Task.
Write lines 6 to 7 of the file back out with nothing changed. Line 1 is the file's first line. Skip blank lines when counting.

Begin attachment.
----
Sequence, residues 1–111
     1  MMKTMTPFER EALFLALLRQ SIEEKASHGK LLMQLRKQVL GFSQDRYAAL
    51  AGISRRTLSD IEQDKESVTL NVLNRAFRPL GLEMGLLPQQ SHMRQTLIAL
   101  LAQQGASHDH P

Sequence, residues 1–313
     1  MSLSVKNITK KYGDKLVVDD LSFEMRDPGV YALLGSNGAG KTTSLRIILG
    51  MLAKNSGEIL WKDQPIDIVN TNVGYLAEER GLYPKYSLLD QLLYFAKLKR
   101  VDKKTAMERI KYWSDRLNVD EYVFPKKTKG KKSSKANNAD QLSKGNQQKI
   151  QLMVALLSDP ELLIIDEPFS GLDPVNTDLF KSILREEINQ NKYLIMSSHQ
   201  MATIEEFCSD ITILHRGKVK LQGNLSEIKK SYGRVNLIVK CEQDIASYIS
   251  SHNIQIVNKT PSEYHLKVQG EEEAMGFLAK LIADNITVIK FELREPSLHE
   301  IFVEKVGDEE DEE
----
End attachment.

     1  MSLSVKNITK KYGDKLVVDD LSFEMRDPGV YALLGSNGAG KTTSLRIILG
    51  MLAKNSGEIL WKDQPIDIVN TNVGYLAEER GLYPKYSLLD QLLYFAKLKR